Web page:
EPA says racism isn’t a factor in Ford Superfund saga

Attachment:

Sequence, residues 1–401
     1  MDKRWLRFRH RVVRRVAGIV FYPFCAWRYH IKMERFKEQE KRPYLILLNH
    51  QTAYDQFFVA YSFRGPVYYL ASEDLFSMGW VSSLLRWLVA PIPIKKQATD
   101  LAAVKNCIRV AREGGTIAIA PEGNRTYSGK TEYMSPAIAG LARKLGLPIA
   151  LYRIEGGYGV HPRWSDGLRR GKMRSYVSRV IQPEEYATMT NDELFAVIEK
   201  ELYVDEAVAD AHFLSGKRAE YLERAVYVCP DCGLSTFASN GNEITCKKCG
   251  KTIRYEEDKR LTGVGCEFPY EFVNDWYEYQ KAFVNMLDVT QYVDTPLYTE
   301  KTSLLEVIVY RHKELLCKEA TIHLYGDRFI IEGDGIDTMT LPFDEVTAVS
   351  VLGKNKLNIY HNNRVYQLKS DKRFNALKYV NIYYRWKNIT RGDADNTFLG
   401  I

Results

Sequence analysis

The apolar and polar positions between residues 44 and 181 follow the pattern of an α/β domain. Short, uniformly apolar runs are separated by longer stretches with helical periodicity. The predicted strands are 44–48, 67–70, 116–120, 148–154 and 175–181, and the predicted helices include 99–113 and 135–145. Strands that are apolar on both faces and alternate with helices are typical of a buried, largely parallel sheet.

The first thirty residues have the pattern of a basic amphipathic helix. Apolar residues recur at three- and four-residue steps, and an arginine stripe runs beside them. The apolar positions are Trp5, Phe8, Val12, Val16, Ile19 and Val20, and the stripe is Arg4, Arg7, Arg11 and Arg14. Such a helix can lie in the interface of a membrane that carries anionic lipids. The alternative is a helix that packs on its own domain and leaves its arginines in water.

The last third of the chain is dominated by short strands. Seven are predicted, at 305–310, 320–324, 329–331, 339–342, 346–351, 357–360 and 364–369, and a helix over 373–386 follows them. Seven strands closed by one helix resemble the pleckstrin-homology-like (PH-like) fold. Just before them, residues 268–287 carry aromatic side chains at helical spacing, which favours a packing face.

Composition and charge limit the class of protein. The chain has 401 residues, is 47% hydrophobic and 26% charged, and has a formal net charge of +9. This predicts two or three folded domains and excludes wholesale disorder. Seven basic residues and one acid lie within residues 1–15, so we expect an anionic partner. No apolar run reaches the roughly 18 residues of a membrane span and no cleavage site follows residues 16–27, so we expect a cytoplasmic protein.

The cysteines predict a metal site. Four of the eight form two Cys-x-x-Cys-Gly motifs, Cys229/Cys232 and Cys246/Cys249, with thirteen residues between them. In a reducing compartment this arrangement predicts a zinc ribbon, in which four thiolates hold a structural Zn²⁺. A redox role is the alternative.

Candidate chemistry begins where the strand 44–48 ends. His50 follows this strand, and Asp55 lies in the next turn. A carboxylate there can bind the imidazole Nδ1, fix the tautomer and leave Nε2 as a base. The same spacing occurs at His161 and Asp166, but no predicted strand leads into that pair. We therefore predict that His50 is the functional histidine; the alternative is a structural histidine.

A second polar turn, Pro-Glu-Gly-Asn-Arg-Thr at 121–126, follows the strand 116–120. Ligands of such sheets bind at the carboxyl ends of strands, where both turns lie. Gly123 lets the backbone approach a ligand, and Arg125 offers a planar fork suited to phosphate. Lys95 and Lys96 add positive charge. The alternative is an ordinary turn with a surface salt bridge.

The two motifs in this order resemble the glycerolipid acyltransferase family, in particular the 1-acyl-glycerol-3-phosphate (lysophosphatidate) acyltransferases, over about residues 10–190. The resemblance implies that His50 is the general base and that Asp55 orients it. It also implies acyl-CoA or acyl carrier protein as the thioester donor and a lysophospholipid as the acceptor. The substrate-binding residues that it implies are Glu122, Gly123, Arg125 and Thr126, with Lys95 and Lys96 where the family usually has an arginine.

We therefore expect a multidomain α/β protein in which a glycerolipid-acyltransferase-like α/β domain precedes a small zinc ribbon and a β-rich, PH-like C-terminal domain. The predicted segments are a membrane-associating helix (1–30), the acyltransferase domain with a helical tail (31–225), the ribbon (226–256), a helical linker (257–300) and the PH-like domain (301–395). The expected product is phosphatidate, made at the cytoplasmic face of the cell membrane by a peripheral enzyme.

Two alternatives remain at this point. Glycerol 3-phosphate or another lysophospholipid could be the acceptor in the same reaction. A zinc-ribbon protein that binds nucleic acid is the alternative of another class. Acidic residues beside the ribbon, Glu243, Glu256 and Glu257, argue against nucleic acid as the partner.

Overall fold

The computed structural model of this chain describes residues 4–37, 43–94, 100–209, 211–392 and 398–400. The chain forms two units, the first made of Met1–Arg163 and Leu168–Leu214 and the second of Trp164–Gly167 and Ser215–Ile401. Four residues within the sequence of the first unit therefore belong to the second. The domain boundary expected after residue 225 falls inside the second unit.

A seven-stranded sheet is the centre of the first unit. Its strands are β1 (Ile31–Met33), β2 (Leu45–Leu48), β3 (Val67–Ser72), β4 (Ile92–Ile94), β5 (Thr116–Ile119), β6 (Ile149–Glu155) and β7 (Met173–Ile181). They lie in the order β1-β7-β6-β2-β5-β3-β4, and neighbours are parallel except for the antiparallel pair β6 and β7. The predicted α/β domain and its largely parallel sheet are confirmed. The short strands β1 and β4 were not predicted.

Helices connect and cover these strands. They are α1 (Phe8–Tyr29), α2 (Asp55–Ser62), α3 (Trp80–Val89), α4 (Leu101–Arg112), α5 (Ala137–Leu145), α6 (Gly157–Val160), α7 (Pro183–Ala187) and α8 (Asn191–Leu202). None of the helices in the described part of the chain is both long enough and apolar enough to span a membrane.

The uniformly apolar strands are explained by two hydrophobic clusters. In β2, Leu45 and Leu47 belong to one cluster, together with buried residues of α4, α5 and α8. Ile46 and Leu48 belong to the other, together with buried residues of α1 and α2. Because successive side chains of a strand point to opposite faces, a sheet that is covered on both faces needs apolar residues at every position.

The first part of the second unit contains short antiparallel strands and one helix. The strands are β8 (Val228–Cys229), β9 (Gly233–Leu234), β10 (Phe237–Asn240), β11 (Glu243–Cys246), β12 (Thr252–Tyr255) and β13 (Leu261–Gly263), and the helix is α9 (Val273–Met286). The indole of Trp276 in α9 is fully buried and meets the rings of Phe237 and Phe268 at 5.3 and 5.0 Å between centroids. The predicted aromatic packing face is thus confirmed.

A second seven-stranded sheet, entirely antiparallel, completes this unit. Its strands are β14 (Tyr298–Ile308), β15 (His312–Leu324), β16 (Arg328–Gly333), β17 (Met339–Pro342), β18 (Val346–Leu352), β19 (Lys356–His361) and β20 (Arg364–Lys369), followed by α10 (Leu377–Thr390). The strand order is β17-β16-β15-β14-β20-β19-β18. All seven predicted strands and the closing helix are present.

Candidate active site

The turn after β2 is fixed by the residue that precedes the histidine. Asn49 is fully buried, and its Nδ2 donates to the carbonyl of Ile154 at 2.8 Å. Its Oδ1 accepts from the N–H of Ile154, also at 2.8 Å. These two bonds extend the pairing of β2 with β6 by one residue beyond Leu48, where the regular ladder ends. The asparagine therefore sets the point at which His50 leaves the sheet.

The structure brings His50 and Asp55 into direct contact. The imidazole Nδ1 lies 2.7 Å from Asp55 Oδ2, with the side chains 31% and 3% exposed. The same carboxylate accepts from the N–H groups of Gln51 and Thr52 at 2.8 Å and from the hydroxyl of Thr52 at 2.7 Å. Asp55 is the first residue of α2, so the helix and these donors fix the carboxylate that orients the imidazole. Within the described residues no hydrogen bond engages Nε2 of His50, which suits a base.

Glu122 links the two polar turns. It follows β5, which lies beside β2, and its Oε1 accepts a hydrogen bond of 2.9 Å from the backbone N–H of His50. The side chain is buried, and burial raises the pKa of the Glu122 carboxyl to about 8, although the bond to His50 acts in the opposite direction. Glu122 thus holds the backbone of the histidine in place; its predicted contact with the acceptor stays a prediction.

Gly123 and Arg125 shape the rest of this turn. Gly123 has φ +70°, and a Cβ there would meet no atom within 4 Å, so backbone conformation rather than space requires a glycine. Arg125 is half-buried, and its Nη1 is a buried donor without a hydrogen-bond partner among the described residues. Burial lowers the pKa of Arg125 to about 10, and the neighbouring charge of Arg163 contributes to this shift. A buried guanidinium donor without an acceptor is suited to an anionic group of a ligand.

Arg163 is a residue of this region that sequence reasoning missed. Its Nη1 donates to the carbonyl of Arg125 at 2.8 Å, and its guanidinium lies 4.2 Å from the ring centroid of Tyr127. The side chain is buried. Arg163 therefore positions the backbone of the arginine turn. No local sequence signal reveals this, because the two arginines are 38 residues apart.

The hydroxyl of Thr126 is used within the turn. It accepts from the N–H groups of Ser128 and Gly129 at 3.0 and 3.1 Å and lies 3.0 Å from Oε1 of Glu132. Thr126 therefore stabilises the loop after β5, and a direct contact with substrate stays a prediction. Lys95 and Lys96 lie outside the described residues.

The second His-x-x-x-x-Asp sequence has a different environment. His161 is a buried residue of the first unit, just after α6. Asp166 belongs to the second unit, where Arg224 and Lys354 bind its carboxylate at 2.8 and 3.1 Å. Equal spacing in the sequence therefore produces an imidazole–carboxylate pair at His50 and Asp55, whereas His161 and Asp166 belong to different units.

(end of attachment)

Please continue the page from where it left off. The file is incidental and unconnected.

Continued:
A strange environmental-justice saga is unfolding in New Jersey, pitting Ford Motor Co. against a community of Ramapough Indians and their allies. Decades ago, Ford dumped thousands of tons of toxic paint sludge at a former mining area. The dump was declared a Superfund site, reportedly cleaned up, and delisted. But neighbors said that sludge remained, and was causing illnesses and deaths. So last year, the site was put back on the Superfund list — the first-ever such relisting — and now the EPA inspector general’s office is studying the reasons for the decades-long fustercluck. At a community meeting this week, EPA reps said the agency’s oversight of the process undeniably sucked, but they found no evidence of racism. Residents scoffed: “Asking them if there was discrimination is like asking an ax murderer standing over a body if he killed anyone,” said community leader Wayne Mann. “With all due respect to you guys, you failed.” Both the clean-up and the investigation will continue.